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Housing developers urge gov’t response to avert ‘crisis’

By Laila Azzeh - Jun 22,2017 - Last updated at Jun 22,2017

The Jordan Housing Developers Association urged the government to swiftly intervene to ‘rescue’ the housing sector, which it says is going through ‘huge financial difficulties’ (Photo by Amjad Ghsoun)

AMMAN — The government has yet to respond to the appeal from real-estate investors to provide incentives to the sector ahead of the summer, according to a concerned source. 

Earlier this month, the Jordan Housing Developers Association (JHDA) urged the government to swiftly intervene to “rescue” the housing sector, which it says is going through “huge financial difficulties” which might affect the national economy.

“We have not yet received any response from the government. Time is passing and we want to benefit from having expatriates coming back to the country by encouraging them to buy properties,” association president, Zuheir Omari, told The Jordan Times on Wednesday.

He argued that providing potential buyers with incentives would encourage them to purchase apartments, which would in turn stimulate the economy. 

“We hope that the government will do something before it is too late,” Omari said.     

In a letter to Prime Minister Hani Mulki around two weeks ago, the association urged the government to provide the sector with a number of incentives in order to prevent threatened companies from “exiting the market”.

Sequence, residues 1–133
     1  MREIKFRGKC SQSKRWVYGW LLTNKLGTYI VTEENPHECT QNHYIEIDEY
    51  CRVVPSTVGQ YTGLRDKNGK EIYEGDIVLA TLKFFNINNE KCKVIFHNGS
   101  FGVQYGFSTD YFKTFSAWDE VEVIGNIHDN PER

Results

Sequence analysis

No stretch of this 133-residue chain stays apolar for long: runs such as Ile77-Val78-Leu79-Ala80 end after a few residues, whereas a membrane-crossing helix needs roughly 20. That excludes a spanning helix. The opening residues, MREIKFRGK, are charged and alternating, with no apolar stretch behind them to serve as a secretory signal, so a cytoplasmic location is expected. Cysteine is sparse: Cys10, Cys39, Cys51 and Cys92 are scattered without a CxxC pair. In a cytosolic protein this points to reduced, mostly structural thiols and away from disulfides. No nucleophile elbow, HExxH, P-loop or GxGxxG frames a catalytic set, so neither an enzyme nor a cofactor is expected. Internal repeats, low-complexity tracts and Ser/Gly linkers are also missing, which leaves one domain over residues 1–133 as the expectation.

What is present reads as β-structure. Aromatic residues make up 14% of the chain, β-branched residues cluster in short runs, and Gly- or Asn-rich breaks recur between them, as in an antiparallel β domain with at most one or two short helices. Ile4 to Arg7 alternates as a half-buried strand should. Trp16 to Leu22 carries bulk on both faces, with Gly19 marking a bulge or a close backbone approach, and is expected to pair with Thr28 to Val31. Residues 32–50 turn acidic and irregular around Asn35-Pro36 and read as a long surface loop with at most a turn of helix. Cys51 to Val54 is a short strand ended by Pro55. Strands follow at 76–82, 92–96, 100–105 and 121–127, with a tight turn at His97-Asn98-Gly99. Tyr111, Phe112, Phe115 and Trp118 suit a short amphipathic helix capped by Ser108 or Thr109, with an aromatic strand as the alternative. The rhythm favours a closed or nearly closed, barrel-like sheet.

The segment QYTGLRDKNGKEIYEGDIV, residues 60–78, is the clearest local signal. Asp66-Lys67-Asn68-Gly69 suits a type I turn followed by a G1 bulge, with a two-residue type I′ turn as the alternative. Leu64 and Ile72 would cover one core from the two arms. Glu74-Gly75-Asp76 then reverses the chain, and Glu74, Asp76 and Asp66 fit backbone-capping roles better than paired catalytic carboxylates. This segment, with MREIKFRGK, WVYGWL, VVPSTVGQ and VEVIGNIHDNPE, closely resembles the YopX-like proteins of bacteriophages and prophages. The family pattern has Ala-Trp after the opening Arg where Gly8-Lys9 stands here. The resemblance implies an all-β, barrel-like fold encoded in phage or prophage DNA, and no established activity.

“Hundreds of housing firms are facing a very difficult financial situation that might affect their ability to continue in their business. Failing to support them will have negative consequences for the national economy,” JHDA President Zuheir Omari told The Jordan Times on Sunday. 

In the letter, the syndicate highlighted that some companies have resorted to selling apartments at less than the cost of construction, incurring “huge losses” and threatening to cause a “real-estate crisis’’.

To this end, the JHDA, an umbrella of more than 3,000 real-estate companies, has called for exempting the first 150 square metres of every purchased residential property from taxes and reducing ownership transfer fees to 5 per cent until September. 

Saying that 30 per cent of the sector’s revenues go to the Treasury, Omari noted that the sector boosts at least 40 other fields linked to construction, while creating thousands of direct and indirect work opportunities. 

“We are still waiting for the premier’s reply, but we hope that they will respond positively to our appeal… this is only a short-term plan but we hope that the sector is included in the economic stimulus plan,” the sector representative said. 

In earlier remarks to The Jordan Times, JHDA Vice President Munir Abu Assal warned of a “possible spread of slums” because citizens will not be able to afford the increasing cost of apartments, prompting them to look for alternatives, such as arbitrary construction, he said. 

 

Noting that the sector currently generates more than JD10 billion a year, he also warned that the “high” taxes on the sector make it harder for citizens to purchase their own housing units, arguing that this will eventually harm the sector and affect its ability to support the economy.

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